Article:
Why I Think White Girls Can't Step
The Women’s March and White Women’s History of Exclusion Within Protests
In explaining white feminism, I often refer to the women’s suffrage parade of 1913. Created by Alice Paul and her Congressional Union, it was the first suffrage parade to occur in Washington D.C. White women bustled down Pennsylvania Avenue, eager to be loud about their rights, and to walk in the direction of change. In this march, black women were specifically told not to partake.
I like to think about the steps of an angry Ida B. Wells, who, in a reasonable spite, walked in the parade anyway. The Saturday after the Presidential Inauguration, the country watched white women in D.C take to the same road. Their steps appeared as a loud echo, marching down Pennsylvania now in a condemnation of Donald Trump. All of a sudden, it was 1913 again, and white women were angry. However, as I looked at their signs, these women seemed to write themselves out of the blame.
Trump is the orange creation of the same hands I watched pinch those poster boards through the crowds. Their resistance, though undeniable in its numeric appearance, is not one of accountability. Like the parade of women a century ago, this march was one rooted in oblivion, exclusivity, and whiteness. Thus, black women are left to wonder whether we should protest Trump, or the very hands holding the signs we saw throughout the country, making their way through streets they have never sought to protect in the first place.
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Although I wish to be preaching to a choir that is red, restless, and ready for a Sunday meal that lasts forever, 53% is a jarring and potent number. It is a number that a lot of Americans seem to disregard. The number of white women who voted for Trump is dangerous.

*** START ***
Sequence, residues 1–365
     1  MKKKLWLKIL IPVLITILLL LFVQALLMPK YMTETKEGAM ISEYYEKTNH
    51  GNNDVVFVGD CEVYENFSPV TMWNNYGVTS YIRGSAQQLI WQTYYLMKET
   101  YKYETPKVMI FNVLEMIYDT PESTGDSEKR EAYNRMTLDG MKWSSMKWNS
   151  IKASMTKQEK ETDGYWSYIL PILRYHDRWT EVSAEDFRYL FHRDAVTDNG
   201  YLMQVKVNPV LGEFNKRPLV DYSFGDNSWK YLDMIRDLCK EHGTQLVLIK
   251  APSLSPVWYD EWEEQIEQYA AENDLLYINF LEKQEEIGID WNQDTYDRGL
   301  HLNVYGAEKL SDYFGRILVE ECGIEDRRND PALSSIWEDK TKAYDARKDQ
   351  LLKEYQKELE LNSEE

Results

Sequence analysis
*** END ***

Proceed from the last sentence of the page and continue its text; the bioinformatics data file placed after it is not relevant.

The 53% lives in my tiny Chicago suburb; it is squeezed between the fences of my neighbors, and it lounges on their drying lawns. The 53% is enough for me to stop waving to the families across the street, knowing how they punched the ballot, and how much riper my blood is to them now.
As I scroll down my Instagram feed, which is blooming with faces of white girls with pictures of ovaries and the like, I do not feel resistance. To me, they are a party of women who have yet to lend their hands. These same women, who bragged about making history, did not ride the train with me in August, as I began my commute to protest the unjust killings of Philando Castile and Alton Sterling.
I did not see the girls and their anger as the summer buried a 25-year-old Jessica Hampton, a black mother who was stabbed in the neck on the CTA Red Line. To these women, the train still rattles, and the police are still a safe network of open arms.Thus, in the midst of talk about a divided nation, I offer this division as a testament to how divided we have been for centuries. The orange man and his bloody rhetoric are not the division: the 53% is and has been since Alice Paul’s stride.
Despite my disdain for the march and its lack of holding white women accountable, it would be unwise of me to forget Ida and her steps beside white women who excluded her. To challenge the baffling 53% percent, 94% of black women voted For Hillary Clinton. Our numbers were strong and omniscient; we knew what an orange president could do, and how it would be our blood first. In the election, we wearily handed our fate to an unreliable whiteness, and on November 8th, we watched it obliterate. Still, as the sun rose, and the trains began to move, we moved with them. We held our signs next to the same women who were the reason for their making.
The morning of the march, I watched my mother rise from her place on the bed and walk to the Green Line. It was her obligation to march bright and early, and with a pool of white women, she did, holding her sign towards the sky. It is unclear whether this march will act as a pivotal moment for a segregated history of feminism. I do not know if white women will sweep up their own mess and clean up our blood in the process. I am unsure what solidarity means now to the cat hats and the “nasty” women T-shirts.
But Ida B. Wells, in her marching, taught us how steps echo for decades; how black women show up in inconceivable ways. No matter how the sun fails to reach us, we leave the shade and take the darkness in a stride to Washington. The largest protest after a Presidential Inauguration had a white face, but it is our steps that gave it its momentum. In protests to come, I urge marchers not to forget Ida and her stomping. The next time a woman steps, remind her of the history of stepping and that activism is never still: it is a perpetual walking.